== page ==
Friday, May 10, 2013 -- Caldas da Reis to Padrón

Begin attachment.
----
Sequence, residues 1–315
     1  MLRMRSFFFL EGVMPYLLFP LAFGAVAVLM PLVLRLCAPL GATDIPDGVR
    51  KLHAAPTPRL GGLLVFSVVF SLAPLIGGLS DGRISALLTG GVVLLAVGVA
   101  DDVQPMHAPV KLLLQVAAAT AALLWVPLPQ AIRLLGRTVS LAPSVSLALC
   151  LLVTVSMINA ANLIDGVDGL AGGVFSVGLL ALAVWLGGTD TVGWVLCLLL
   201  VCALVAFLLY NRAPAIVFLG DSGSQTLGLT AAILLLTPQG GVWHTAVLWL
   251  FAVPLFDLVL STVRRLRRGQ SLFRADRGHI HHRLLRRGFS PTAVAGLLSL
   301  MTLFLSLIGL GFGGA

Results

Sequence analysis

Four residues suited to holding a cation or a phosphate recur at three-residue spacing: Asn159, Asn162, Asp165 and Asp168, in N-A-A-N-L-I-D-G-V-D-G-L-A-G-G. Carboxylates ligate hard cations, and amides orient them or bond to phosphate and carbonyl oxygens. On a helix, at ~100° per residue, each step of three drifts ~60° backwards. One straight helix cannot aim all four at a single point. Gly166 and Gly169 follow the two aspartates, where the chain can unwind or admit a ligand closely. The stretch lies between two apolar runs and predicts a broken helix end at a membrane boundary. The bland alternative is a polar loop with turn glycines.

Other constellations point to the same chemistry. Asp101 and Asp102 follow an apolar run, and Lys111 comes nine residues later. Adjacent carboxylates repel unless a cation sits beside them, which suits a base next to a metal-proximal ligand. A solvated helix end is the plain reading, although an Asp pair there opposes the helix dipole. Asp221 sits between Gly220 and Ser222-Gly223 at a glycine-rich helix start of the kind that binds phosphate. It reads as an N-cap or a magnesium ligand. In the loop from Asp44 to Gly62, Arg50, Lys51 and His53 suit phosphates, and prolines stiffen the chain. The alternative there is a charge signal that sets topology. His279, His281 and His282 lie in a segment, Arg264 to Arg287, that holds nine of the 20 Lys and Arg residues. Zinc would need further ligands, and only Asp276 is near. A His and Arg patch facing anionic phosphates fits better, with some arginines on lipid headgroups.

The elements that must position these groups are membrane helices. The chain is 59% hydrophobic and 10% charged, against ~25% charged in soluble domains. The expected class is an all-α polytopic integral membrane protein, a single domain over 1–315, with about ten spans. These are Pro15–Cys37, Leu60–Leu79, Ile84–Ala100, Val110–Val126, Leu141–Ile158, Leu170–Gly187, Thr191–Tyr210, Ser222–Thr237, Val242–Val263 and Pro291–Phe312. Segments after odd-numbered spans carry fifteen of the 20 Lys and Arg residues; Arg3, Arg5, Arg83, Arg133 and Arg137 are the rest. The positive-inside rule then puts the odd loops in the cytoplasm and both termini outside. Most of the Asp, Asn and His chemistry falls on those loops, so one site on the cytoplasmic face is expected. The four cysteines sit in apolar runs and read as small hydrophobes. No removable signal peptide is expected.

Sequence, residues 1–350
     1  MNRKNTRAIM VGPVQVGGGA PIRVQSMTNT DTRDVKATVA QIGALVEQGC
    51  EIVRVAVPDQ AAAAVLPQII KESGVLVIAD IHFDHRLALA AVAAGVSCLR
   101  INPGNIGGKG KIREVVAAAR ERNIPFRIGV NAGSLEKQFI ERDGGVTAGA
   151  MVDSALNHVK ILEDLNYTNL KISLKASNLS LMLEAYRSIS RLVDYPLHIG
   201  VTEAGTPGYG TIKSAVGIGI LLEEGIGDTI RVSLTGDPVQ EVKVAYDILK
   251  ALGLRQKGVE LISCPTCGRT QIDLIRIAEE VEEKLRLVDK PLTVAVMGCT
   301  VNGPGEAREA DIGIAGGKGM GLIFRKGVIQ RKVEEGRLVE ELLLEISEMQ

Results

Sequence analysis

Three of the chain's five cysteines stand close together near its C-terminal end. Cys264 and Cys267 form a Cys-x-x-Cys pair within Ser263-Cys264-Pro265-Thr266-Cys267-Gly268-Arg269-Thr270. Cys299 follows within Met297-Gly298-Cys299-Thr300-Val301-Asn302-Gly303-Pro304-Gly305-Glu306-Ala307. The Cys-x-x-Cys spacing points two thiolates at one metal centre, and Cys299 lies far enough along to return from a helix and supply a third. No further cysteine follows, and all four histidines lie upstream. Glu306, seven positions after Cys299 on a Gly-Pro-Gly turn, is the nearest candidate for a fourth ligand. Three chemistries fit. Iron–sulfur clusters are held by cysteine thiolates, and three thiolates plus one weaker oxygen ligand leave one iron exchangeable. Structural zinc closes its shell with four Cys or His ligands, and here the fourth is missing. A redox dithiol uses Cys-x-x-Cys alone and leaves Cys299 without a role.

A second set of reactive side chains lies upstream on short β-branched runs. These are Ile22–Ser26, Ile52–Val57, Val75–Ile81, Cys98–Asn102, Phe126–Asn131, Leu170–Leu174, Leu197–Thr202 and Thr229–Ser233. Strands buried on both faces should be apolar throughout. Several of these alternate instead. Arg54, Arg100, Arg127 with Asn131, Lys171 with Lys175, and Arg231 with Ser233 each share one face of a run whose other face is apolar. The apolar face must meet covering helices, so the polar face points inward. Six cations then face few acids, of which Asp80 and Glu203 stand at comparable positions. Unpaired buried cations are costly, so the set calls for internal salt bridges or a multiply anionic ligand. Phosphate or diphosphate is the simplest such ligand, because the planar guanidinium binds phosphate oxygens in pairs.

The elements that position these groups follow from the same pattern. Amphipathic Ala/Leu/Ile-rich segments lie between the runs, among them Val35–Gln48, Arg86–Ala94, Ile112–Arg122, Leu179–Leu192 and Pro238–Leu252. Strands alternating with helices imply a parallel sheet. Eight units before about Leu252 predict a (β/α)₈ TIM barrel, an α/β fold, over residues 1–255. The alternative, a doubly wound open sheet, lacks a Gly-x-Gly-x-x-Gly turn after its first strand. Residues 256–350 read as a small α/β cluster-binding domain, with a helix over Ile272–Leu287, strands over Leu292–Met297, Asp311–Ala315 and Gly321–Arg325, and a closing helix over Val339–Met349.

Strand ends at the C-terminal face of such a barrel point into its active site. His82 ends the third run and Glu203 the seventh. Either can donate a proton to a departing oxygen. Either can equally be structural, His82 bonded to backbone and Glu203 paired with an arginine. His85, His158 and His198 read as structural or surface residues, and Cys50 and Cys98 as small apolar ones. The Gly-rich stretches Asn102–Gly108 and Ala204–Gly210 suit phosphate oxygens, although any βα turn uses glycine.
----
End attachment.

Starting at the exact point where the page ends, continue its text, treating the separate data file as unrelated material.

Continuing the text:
It was a wonderful day for walking. I was full of energy and walked alone most of the day until reaching Padrón. In Carracedo we found a nice place called the Cafe Esperon where we had coffee and sandwiches. The owner allows patrons to write on the walls and we each took a turn signing our names. I finished well before the others and decided to head out on my own since I wanted to visit the Convent in Herbón, something my friends didn’t want to do. My guidebook says that the way is well marked in the town of San Miguel de Valga but I got lost once again climbing a hill that led to nowhere. At the top, a man told me that I had to go back down in order to find my way back to the path. Eventually, I found the path and walked steadily the rest of the morning all the way to Pontesecures. Stopped at this interesting place offering drinks and trinkets to pilgrims only to have the owner tell me that the Convent in Herbón was closed until June. I walked past the Iglesia de S. Xulián de Requeixo with its cruceiro and across the bridge into the suburbs of Padrón. According to tradition, it was here that the Apostle Saint James first preached during his stay in Hispania. Soon after his death, his disciples Theodore and Athanasius brought his head and his body to Iria Flavia (now Padrón) from Jerusalem in a stone boat. They moored the boat to a pedrón (Galician for big stone), hence the new name given to the place. The two disciples remained in Iria Flavia to preach after burying the Apostle in Compostela. The legendary pedrón can be seen today at the parish church of Santiago de Padrón. There are several imitations scattered around town and used as flower boxes like this one just across the bridge from Pontesecures. This is the Igrexa de Santiago. It is a Romanesque church which dates back to the 12th century. Inside are some wonderful pieces of religious art including a fine 16th century pulpit with an image of Santiago Peregrino, and in a glass case, the image of Santiago Matamoros, slaying the Moors. Perhaps the most popular tourist attraction inside is the original stone O Pedrón from which the town takes its name. It is located beneath the altar and as you can see, people toss money at the stone hoping that if their coin lands on top their prayer might be answered. In front of the church is a paseo lined with trees. At its center is this statue to famous Spanish poetess Rosalia de Castro who was born here. Immediately over the bridge on the western bank of the Rio Sar is the Fonte do Carme from the 16th century. It depicts the arrival of the sarcophagus of Saint James with his disciples Theodore and Athanasius as well as a scene of the conversion and baptism of the pagan Queen Lupa. Standing prominently above the city is the imposing façade of the 18th century Convento do Carme. The albergure is beside the convent. It has one large room lined with bunk beds and although it is well kept, it lacks a sufficient number of bathrooms and electrical outlets to charge camera batteries. Of course, I arrived in town before the others and the albergue had not yet opened its doors. I waited for everyone at a small café nearby and ordered some beer and a pizza for everyone to share when they arrived. After we checked ourselves into the albergue, we spent the rest of the afternoon taking in the sunshine along the paseo in front of the church. If you are going to visit Padrón don’t miss out on their famous peppers served fried with olive oil and coarse salt. Most taste sweet and mild, though some are particularly hot and spicy. After exploring the town, we took a hike to the top of the hill behind the albergue called Santiaguiño do Monte. According to the tradition, the Apostle James preached here. Every summer, this place holds a massive pilgrimage festivity with a Xacobean touch that begins at the fountain at the bottom of the hill and ascends through a staircase of 150 steps. While we were trying to find a place to have dinner, we ended up going inside a cafe run by a man named Manuel. Although he was especially kind and very interesting to speak to, his establishment was one of the filthiest places I'd ever seen. He showed us many of his pilgrim guest books and asked us if we would please sign our names in the most recent one and pose for a photo with him behind his bar (where it was even filthier !). Unfortunately, I don't have a copy of the photograph but I did take a picture of what an earlier pilgrim drew in one of his guest books. Padrón has its own pilgrim statue where we posed for a group photo. I have to say that this is my favorite picture from the whole Camino. I had such a great time with these four guys ! We then had our dinner at the same place in the plaza of town where we hung out all day--nothing special but at least it was a warm meal and not too expensive.